CPS Memo: Ignored Investigations a Clear Attempt to Reduce Caseloads
The police detective who helped reveal the thousands of ignored Child Protective Services hotline calls revealed the apparent reasoning for the shelving of the cases in a month-old memo to Governor Jan Brewer.
Gregory McKay, a Phoenix police detective who's currently overseeing CPS' Office Child Welfare Investigations, said CPS administrators' designation of the cases as "not investigated" was "clearly an attempt by CPS to lessen the already over-burdened investigative arm of the agency."
The memo, obtained by several Valley news outlets, appears to have been first obtained by the Arizona Republic.
Not much has been said about why more than 6,000 allegations of child abuse and neglect were never investigated at all, despite a requirement by law to do so. Both McKay and Department of Economic Security Director Clarence Carter told a CPS oversight panel last month that they didn't know the exact source of the problem, or why the "not investigated" tag is even an option.
McKay apparently had a theory, as he explained in this memo to Brewer:
This is clearly an attempt by CPS to lessen the already over-burdened investigative arm of the agency. It accomplishes two goals; reduce investigator caseload and reduce the number of unassigned reports. This medicine is truly worse than the disease.
The final implication is what will be perceived as mismanagement of the public trust, and the public's money. Last year, CPS was given over $70 million to decrease caseload burdens, make process improvements, and prevent egregious cases of child abuse through better training and accountability. Instead, SWAT teams and units like the new Hotline QA Unit took on large amounts of manpower to "Not Investigate" reports requiring investigations.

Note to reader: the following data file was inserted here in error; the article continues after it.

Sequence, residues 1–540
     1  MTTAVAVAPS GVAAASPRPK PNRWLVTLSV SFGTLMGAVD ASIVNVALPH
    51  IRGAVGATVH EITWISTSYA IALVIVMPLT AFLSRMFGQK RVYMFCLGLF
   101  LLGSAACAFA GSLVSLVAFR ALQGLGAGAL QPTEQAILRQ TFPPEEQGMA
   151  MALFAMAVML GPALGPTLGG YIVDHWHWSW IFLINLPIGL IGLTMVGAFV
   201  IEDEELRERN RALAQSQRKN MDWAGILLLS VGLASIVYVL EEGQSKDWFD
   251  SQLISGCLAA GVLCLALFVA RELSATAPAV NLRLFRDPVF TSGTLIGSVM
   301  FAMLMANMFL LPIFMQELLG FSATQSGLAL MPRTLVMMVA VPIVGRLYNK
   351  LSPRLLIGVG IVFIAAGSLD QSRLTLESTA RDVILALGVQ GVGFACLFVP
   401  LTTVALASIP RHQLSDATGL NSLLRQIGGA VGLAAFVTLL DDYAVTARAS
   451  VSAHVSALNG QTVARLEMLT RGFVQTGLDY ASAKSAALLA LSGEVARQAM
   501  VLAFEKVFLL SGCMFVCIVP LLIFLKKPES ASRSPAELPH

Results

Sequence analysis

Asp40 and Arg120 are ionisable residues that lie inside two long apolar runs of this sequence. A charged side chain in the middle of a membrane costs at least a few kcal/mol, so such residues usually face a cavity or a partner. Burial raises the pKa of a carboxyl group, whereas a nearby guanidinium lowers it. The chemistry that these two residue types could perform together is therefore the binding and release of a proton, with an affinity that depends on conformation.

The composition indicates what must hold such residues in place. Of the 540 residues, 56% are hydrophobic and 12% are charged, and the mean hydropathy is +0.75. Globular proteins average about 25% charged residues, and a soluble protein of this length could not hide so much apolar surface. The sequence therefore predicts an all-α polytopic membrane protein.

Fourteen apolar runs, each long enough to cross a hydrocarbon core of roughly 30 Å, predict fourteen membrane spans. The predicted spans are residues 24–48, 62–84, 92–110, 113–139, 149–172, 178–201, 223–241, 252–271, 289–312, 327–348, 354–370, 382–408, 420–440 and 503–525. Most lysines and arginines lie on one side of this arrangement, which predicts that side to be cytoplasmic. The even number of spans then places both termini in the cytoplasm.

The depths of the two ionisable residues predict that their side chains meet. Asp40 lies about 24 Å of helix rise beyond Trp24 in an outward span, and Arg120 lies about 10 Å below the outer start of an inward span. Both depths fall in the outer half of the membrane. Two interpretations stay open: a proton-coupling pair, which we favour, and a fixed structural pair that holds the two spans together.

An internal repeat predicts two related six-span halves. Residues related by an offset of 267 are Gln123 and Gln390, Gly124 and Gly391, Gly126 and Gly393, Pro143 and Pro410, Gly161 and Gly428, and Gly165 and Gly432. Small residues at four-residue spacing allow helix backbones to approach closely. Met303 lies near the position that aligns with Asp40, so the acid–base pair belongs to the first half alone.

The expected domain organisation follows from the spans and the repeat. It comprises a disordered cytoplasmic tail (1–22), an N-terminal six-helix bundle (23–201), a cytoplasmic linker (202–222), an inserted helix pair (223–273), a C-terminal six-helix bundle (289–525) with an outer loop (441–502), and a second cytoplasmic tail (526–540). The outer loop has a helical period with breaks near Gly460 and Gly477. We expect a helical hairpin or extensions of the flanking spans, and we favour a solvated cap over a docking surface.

(Note: The "SWAT team" at CPS is just a group of CPS workers tasked with processing cases.)
McKay's memo also seems to point out the source of the issue:
This practice became heavily implemented at the end of CY 2011, when CPS issued directives to utilize this practice only for a brief period of time. It confined the use of the "Not Investigated" disposition to backlogged reports and only select personnel were permitted to close reports in this manner.
With the advent of SWAT and Deborah Harper's ascension to Program Administrator, this practice became an acceptable measure to prevent newly created reports from being investigated. SWAT has no formal policy and does not have reports on an "Organization Structure" in the [CPS] database. This means, SWAT personnel, nor their supervisors or Program Manager (Tracy Everett) ever have documented accountability. The reports are closed under the original field office supervisor's name and Organization Structure in the [CPS] database.
McKay also noted that these CPS workers seemed to indiscriminately mark the cases as "not investigated," as cases that needed extra attention for a variety of reasons still got put on the shelf. That includes cases with three or more prior complaints, and allegations of criminal conduct.
DES has planned to at least start investigations on these cases by the end of January. Meanwhile, several police departments have now been asked to help investigate the cases in their jurisdictions, which may just mean checking to make sure a child appears fine and is living in acceptable conditions.
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